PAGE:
“Hearts or Minds? Identifying Persuasive Messages on Climate Change” | LBJ School of Public Affairs | The University of Texas at Austin
Article, Refereed Journal

“Hearts or Minds? Identifying Persuasive Messages on Climate Change”

Research and Politics (2015): 1-9.

div class="section abstract" id="abstract-1"
p id="p-2"This article sheds light on what kinds of appeals persuade the US public on climate change. Using an experimental design, we assign a diverse sample of 330 participants to one of four conditions: an economic self-interest appeal, a moral appeal, a mixed appeal combining self-interest and morality and a control condition with no persuasive appeal.sup1/sup Participants were then asked a series of questions about their willingness to support advocacy efforts, including such actions as writing a letter to Congress, signing a petition and joining an organization. We hypothesized that for issues like climate change where it is expensive to address the problem, arguments based on self-interest are more likely to be persuasive than moral appeals. Our experiment yielded some surprising results. Knowledge was an important moderator of peoplersquo;s attitudes on climate change in response to the persuasive messages. We found that among respondents who were more knowledgeable about climate change that the economic frame was most the persuasive in terms of a subjectrsquo;s willingness to take actions to support the cause. However, among low knowledge respondents, the control condition without messaging yielded the most concern./p
/div

p id="p-3"For almost two decades, legislation in the United States to address climate change has been stuck. While institutional barriers have made it difficult for the United States to ratify international climate agreements and pass domestic legislation, climate advocates also view weak public support as a problem. To that end, activists have sought to re-frame the issue to be more appealing to the American electorate who might in turn push legislators to take heed./p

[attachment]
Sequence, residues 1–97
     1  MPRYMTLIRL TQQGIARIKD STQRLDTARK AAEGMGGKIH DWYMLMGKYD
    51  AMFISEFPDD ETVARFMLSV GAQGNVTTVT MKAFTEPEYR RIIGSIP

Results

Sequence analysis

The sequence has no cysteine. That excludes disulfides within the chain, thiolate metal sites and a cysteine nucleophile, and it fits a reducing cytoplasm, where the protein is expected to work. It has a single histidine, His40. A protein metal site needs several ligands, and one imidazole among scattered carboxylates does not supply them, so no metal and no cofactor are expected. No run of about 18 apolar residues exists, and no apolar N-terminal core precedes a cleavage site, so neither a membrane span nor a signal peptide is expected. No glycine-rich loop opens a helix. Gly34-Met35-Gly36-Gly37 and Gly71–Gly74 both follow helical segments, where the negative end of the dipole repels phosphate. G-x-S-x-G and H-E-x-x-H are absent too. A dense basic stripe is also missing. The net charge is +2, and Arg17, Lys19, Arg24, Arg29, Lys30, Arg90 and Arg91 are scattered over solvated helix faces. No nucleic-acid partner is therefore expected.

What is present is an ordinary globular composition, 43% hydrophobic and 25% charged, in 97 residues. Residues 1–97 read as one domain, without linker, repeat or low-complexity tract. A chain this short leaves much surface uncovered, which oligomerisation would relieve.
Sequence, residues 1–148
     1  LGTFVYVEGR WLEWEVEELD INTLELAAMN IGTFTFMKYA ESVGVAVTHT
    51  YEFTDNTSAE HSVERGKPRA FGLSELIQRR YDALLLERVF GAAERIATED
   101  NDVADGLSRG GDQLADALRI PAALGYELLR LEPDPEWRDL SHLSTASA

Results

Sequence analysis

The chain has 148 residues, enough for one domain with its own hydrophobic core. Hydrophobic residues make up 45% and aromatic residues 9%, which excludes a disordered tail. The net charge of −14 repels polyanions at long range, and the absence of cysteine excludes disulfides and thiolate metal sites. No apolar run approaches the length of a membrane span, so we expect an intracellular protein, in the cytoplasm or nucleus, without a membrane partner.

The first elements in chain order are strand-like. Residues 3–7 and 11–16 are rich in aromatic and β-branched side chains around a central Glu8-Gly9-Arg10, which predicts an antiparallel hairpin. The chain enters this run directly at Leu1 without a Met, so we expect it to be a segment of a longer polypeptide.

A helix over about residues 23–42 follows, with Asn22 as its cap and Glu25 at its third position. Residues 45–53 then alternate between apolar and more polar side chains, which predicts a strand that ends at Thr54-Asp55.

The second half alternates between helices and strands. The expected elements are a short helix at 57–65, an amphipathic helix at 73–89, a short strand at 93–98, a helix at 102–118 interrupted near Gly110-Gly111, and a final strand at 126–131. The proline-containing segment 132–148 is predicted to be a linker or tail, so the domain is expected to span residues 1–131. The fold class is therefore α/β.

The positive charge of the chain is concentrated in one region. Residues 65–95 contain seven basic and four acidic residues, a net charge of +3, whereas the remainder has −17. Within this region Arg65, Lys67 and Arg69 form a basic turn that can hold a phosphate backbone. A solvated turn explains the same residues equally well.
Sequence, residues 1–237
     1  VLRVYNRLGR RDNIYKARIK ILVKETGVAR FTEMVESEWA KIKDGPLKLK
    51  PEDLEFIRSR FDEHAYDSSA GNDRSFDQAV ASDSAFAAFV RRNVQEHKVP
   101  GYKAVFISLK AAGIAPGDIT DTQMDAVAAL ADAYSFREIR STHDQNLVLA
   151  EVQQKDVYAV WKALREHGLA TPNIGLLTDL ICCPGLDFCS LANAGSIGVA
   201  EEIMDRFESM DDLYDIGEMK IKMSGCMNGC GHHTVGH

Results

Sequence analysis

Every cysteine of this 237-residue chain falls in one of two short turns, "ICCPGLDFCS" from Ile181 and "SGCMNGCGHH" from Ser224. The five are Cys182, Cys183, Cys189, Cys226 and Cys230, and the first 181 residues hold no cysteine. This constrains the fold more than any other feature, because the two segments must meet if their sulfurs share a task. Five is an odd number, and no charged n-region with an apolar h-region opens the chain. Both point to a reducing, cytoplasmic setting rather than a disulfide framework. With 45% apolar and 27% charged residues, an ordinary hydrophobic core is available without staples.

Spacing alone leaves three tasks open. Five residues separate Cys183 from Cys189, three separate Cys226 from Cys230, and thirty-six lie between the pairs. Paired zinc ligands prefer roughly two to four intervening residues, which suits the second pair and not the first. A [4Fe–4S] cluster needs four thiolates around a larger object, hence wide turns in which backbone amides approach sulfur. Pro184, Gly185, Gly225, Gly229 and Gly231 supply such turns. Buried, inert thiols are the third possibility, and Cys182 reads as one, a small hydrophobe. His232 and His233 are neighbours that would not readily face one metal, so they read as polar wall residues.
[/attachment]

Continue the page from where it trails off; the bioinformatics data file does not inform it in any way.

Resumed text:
p id="p-4"This article sheds light on what kinds of appeals persuade the public to take action on climate change. Using an experimental design, we assign a diverse sample of 330 participants to one of four conditions: an economic self-interest appeal, a moral appeal, a mixed appeal combining self-interest and morality and a control condition with no persuasive appeal. Participants were then asked questions about their willingness to support advocacy efforts, including writing a letter to Congress, signing a petition and joining an organization. We hypothesized that for issues like climate change, where it is expensive to address the problem, arguments based on self-interest are more likely to be persuasive than moral appeals./p

p id="p-5"Our experiment yielded some surprising results: knowledge about climate change affected whether people responded to persuasive messages on climate change. Among respondents that were more knowledgeable about climate change, the self-interest frame, which we also call the economic or consequentialist appeal, was the most persuasive in terms of a subjectrsquo;s willingness to take actions to support the cause. However, among low knowledge respondents, the control condition that lacked a persuasive message had the most concerned participants./p

p id="p-6"This paper unfolds in four sections. The first section assesses the literature on framing and messaging. The second section develops an argument for frame success. The third section sketches the experimental design. The fourth section discusses our results./p

Research Topic: 
Climate Change
Transnational Movements